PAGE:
Dining alone is one of the more useful adult skills I’ve learned in the past three years. During my teenage years, I dined alone at home, eating weird things at weird hours. Then when I turned 18, I got into restaurants and came to view dining as an inherently social activity. But it took another several years to become comfortable on my own in a restaurant.
On a short trip to New York City last summer, I found myself with time to explore on my own. Naturally, I tend to fill in empty spots on my schedule with food, and I wasn’t going to let not having a dining partner get in the way of that.
I snagged a lunch reservation for one at Aquavit, an elegant Nordic restaurant in midtown Manhattan with two Michelin stars, for my last day of the trip.
The interior of Aquavit has a clean, light decor of white and grays, mixed with wood in medium and dark tones. My table was along a window of mirrored glass; I could see out to East 55th Street, but nobody could see in. Edith Piaf’s “La Vie en Rose” played softly in the background.
After ordering a non-alcoholic mojito, I nibbled on some Danish rye bread and a sourdough roll while perusing the menu. I opted for the three-course prix fixe. It was a good call.
Of course, the salmon used in the gravlax was of the highest quality: fresh and silky. When starting with a perfect ingredient, I’m always curious to see what a restaurant does next. A dish too complex won’t let the diner see that the fish on its own is perfect, but at the same time, the restaurant wants to show some culinary skills.
And in this regard, the execution of the gravlax was flawless. All the other flavors—spicy, tangy, herby—hit one note just below the salmon.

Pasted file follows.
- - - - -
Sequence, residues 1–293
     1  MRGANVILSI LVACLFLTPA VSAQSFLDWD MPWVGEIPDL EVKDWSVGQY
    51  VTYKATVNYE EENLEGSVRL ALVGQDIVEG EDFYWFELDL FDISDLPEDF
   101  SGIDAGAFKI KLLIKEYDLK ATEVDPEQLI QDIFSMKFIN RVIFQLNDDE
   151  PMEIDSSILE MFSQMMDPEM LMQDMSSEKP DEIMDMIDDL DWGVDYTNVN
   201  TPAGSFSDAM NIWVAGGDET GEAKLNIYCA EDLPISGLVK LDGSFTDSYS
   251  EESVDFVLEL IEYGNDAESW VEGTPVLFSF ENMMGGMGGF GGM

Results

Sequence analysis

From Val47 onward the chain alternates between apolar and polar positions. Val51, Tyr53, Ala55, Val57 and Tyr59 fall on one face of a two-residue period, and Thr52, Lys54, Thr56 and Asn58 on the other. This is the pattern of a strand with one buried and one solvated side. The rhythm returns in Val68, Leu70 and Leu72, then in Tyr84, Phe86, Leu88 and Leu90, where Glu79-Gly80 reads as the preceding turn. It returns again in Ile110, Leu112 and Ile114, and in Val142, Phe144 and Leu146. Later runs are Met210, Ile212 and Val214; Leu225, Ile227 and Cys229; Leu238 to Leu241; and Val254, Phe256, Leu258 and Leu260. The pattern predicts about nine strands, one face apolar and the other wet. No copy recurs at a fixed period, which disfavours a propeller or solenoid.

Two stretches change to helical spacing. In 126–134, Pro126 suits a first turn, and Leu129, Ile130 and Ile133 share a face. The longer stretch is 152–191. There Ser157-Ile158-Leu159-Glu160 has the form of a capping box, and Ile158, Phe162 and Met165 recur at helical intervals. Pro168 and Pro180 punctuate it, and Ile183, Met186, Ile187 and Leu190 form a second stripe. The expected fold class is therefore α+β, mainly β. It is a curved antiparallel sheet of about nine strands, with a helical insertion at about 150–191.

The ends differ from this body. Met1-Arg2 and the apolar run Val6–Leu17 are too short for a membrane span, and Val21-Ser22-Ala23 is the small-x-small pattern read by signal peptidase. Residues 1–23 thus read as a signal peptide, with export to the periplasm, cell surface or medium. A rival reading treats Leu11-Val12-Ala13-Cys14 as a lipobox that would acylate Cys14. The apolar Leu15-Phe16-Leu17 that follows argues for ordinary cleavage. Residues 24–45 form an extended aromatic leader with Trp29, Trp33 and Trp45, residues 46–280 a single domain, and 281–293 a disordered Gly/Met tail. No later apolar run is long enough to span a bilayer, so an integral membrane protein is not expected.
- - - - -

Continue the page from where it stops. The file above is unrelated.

Next up was the bouillabaisse, Aquavit’s take on the Provençal fish stew from Marseilles. There was a lot going on in this Scandinavian version—so many that it was hard to get all the components all into a single bite—but somehow, it all worked. The hot pickled tomatoes added a juicy, vinegary kick.
I have to admit that the dessert did not jump off the menu for me when I was choosing the prix-fixe. But not wanting to be That Customer who gets all high-maintenance with the prix-fixe, I figured I’d give the dessert on the menu a shot, knowing that Momofuku Milk Bar was only a five-minute walk away.
Thank goodness I didn’t try to swap, because this was one of the more memorable desserts I’ve had in a while. The savarin, a vanilla sponge cake, was topped with a dollop of rum ice cream with a piece of almond brittle, all in a pool of fragrant rose hip sauce that was poured table side.
A simple, romantic dessert with every element perfectly balanced; cold ice cream, warm sauce; smooth ice cream, soft cake, crunchy brittle.
I left the restaurant regretful that it was my last day in New York City, because I immediately wanted to try Aquavit for dinner.
After my meal, I looked up Pete Wells’ three-star New York Times review of Aquavit. He wrote that chef Emma Bengtsson “juxtaposes flavors and textures in ways that are both complex and finely tuned,” and that rang true to my experience. Every flavor and texture added something to the palate without overpowering anything else.
About year since my meal, I came upon a draft of this blog post that I thought had become lost in the ether when I switched computers. I’m going back through some of those no-longer-lost older drafts and posting about the restaurants that stand out in my memory even as time passes.
Aquavit is worth learning to dine alone for. And if I end up dining alone again during my next meal at Aquavit, hey, I won’t have to worry about a dining partner trying to steal my hot pickled tomatoes.
INFORMATION as of August 2016